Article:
The dogma of the veneration of icons is a victory over the christological and, at the same time, trinitarian heresies. (That is why the Church united liturgically the commemoration of the First Ecumenical Council, against the arian heresy, with the commemoration of the Seventh Council, against iconoclasm.) This dogma was the culmination of an entire era of struggle for the Orthodox faith in the Incarnation and, it follows, for the true confession of the image of the building of the House of God in the world. It is an open truth, revealed by the collective consciousness of the Church. In it the Church reveals the genuine essence of the Christian icon as the visible and immutable witness of the Incarnation (and not only as one in a series of Old Testament and New Testament theophanies). This dogma is the result of the acceptance by Christianity of the fullness of Christ's nature as both God and human. And one can say that if during the period of iconoclasm the Church struggle for the icon, then in our time it is the icon that is doing battle for the Church. It is called upon to play a role that it has not played heretofore within Christianity. And if the word has lost its value and has ceased to express the meaning that it carries within it then its place is taken by the icon: it is called upon to bare witness of the Church, to be the visible demonstration of her indestructible unity.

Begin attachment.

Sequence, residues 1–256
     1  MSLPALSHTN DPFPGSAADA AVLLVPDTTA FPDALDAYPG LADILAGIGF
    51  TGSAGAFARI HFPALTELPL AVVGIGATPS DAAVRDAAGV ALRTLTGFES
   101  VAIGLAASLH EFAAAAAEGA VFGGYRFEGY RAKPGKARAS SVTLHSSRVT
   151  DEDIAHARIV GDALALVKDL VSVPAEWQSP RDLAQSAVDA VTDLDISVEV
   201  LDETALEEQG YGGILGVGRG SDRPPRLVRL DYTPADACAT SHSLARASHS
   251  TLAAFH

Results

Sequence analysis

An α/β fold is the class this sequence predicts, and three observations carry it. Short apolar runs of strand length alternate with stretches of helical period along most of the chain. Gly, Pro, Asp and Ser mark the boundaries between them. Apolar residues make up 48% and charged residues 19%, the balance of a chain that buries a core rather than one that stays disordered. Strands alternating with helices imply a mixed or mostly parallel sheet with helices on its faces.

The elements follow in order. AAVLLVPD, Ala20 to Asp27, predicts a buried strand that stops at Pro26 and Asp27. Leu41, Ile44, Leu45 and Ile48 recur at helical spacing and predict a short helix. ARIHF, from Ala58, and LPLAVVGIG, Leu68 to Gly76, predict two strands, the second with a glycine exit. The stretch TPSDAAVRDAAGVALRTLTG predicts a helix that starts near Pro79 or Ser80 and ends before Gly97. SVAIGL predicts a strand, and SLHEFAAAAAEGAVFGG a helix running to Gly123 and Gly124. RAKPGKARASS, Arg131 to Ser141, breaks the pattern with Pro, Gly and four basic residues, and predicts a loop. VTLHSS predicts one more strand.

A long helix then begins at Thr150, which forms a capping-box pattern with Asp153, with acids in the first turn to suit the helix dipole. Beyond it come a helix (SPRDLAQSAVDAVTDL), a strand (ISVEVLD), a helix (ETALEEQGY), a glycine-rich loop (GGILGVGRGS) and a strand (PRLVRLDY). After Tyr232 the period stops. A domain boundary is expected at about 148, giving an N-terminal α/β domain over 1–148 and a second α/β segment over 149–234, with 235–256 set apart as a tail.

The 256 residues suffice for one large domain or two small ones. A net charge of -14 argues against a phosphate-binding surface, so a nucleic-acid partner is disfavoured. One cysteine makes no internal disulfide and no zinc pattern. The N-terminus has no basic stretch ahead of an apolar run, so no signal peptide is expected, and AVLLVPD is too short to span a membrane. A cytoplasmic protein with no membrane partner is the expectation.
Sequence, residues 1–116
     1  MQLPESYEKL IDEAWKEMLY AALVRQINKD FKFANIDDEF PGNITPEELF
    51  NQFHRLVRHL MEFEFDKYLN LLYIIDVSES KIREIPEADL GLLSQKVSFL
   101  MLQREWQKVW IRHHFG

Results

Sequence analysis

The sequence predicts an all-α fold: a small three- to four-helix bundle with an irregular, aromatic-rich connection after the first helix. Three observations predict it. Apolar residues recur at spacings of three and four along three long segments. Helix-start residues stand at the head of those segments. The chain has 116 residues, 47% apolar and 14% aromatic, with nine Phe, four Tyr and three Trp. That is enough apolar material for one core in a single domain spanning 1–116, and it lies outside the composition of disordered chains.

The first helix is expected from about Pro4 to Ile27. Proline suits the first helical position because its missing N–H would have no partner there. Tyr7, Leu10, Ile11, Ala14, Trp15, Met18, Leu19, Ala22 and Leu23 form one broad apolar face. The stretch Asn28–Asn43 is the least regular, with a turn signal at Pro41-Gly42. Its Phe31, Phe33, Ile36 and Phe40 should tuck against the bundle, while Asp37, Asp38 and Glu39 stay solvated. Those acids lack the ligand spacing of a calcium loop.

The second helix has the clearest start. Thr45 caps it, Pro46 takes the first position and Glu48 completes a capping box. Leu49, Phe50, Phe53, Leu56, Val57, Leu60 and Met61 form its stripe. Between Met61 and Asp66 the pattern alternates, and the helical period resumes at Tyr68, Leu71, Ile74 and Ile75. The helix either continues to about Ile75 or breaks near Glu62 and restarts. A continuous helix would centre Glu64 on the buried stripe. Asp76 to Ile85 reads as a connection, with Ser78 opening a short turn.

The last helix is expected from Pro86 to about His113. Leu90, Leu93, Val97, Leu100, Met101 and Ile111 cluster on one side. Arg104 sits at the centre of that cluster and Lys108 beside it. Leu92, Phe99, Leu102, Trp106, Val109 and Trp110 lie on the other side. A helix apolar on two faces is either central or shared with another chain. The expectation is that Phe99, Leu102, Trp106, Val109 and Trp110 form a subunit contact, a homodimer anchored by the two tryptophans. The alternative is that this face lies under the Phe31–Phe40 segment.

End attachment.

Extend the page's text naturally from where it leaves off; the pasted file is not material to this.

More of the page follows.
The rebellion of the contemporary world against the Church, inspired by "the spirit of malice", the enemy of our salvation, is leading to the snuffing out the consciousness of the Church in the entire universe, creating countless schisms and divisions, which Christians join very easily these day.

    Without exaggerating, we are living in a terrifying and dangerous era. It is terrifying above all because of the rising rebellion against God and His Kingdom. Again, it is not God, but man that has become the measure of all things. It is not faith, but ideology, utopia that defines the spiritual condition of the world. At a certain point Western Christianity seems to have excepted this perspective: all at once the "theology of liberation' arose, and questions of economics, politics, and psychology replace the Christian view of the world, service to God. All over the world nuns, theologians, hierarchs are demanding--from God?--some kind of right, defending abortions and misinterpretations, and all of this is in the name of peace, agreements, the unity of everyone." Everyone is striving toward unity, but with differing conceptions of what unity is.

    The Church has always considered itself united because it is the image and likeness of God. It "knows unity and therefore does not know union." And this unity, insofar as it is a unity of God and man, cannot be destroyed. It is possible to fall away from it, to fall out of it, which has happened and which continues to happen. But that has never destroyed the unity of God and man that is embodied in the Church. In the Christian world there has never been unity throughout its entire history from the Apostolic times to our own time.

L. A. Ouspensky, "On the Way to Unity?",1987 Paris.




Address of Church:
St. Nicholas Russian Orthodox Church
2513 W 4th St
Chester, PA 19013


© 2009 St. Nicholas Russian Orthodox Church.